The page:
wasn't careful with the signs

#11 Help Me ! » Distance between point and line » 2015-06-02 11:11:57

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Replies: 4

find the distance between the line r(t)= (1+t, 2-2t, -1+4t) and point (1,0,1)


With the above problem, I attempted it and thought I had a good idea of how to solve it, but the anwer I'm getting is different from the one that they've given.
Could someone help me find where i went wrong?

so, I calculated the distance between these two as
(1+t-1, 2-2t-0, -1+4t-1) = (t, 2-2t, 2+4t)

and then to find the value of t, from the equation of the line, i took d= (1, -2, 4)

and since these two are orthogonal, calculated the dot product of (t, 2-2t, 2+4t) and (1, -2, 4) and solved for t to get t=-4/21
and then from that length of t as (-4/21)^2 and squared it to get t=4/21

#12 Re: Help Me ! » Vectors » 2015-05-05 10:14:34

Why is it that u = u - v + v can be written as the length and absolute value?

#13 Help Me ! » Vectors » 2015-05-04 23:45:00

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Replies: 2

Prove that given any two vectors the following holds:
||u| - |v|| <= |u-v|
Hint start with u = u - v + v

I know that I'll need to use the triangular inequality at some point, however, not sure how to start it off.

#15 Help Me ! » L'Hopital's Rule » 2014-10-25 21:46:49

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Replies: 2

Hi;
Could someone explain how you would go about applying L'Hopital's Rule to the following limit?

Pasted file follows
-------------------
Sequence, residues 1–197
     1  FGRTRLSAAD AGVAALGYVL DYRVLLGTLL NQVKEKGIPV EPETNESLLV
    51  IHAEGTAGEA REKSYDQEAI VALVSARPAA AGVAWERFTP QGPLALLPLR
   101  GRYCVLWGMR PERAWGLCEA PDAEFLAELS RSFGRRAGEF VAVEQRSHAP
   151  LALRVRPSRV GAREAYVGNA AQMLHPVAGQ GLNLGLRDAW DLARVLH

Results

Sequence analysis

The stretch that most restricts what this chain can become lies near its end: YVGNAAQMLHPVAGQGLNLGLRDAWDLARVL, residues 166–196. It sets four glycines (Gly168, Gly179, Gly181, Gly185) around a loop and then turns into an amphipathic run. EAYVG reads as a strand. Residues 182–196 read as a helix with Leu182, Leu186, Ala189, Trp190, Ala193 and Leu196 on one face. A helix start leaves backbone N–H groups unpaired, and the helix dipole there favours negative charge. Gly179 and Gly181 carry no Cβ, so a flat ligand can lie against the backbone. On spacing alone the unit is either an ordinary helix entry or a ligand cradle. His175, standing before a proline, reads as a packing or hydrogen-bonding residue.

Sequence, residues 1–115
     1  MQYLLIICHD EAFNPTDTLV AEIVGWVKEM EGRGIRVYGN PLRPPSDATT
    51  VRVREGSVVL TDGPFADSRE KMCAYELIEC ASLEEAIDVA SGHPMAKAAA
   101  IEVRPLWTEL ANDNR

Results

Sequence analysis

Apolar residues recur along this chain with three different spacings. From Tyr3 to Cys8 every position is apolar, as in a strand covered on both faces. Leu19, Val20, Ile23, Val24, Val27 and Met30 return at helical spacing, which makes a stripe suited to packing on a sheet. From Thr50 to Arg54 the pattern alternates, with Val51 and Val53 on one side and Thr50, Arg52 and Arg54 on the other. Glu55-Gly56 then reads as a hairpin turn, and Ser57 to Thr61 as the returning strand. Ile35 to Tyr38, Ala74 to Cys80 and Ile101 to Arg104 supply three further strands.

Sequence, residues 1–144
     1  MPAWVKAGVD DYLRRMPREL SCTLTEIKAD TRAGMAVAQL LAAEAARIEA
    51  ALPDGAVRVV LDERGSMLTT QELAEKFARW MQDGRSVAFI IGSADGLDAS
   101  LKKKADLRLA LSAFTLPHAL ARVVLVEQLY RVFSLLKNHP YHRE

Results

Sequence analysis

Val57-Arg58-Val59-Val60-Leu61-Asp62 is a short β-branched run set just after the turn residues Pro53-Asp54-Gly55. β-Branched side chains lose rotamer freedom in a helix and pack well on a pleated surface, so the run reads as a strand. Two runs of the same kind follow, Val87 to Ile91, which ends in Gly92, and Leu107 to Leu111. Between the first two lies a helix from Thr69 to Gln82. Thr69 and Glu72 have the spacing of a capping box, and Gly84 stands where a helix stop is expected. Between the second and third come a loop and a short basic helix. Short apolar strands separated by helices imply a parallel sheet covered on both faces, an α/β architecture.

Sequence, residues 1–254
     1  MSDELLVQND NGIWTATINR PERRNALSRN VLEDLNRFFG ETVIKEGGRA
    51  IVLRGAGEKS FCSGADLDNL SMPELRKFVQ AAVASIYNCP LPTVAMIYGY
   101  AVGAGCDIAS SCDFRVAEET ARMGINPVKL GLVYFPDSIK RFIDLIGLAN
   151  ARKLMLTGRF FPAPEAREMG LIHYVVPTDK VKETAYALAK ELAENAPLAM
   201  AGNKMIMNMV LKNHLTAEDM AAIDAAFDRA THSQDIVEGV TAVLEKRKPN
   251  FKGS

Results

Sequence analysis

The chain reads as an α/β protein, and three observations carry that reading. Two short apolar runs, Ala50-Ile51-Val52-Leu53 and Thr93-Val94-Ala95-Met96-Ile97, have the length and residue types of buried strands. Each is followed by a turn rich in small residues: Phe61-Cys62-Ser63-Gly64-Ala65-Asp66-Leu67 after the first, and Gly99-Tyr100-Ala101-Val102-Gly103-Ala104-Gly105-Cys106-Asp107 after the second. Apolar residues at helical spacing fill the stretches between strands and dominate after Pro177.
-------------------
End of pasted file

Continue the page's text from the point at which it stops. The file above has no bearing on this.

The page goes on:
I don't understand how they got some of the derivatives and how they were cancelled etc.

#16 Re: Help Me ! » Vector Help » 2014-08-26 13:04:50

Thank you Bob.
It's a long project. I think it's a lot clearer now, I'll post here again if I need more help.

#17 Help Me ! » Vector Help » 2014-08-26 06:01:32

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Replies: 4

Hi I'm having trouble with a part of this problem.
http://i.imgur.com/usIuMlB.png

I've been wanting to find  the points A and C.
I've calculated:
BD = D -B
     = (24.75, -10.4392, 0)
and the magnitude of BD = 26.87

but I'm completely  lost as where to go on from here.

#18 Science HQ » Circuit Analysis - Op Amps » 2014-08-22 21:10:17

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Replies: 0

Just wondering if anyone could help me with this problem?

What is the minimum value of RL if |Io| must be less than 75 mA for |VIN| < 0.8 V?
R2 = 8.5 kΩ, R1 = 9.9 kΩ

http://i.imgur.com/Os2mjp8.png

For my attempt I used the formulas:

(Vo/Vi) = -(R2/R1)

Io = Vo/(RL || (R2+R1)

and got an answer of 9.16 ohm, but that was incorrect. (It should be 19.8 ohms)

#20 Re: Help Me ! » Derivatives » 2014-06-04 14:32:47

Sorry about the delay; I think I've got it

?

Is the notation used okay?

#21 Re: Help Me ! » Derivatives » 2014-06-02 10:47:01

I might be misinterpreting this, so your saying

, then does that mean to get G'(x) you need to find the derivative of the stated inverse?

#22 Help Me ! » Derivatives » 2014-06-02 02:37:43

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Replies: 6

Need some help with this one.

#23 Help Me ! » Constant of Integration » 2014-05-23 13:42:43

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Replies: 2

Why do we need to add a constant, C, when we're solving an indefinite integral?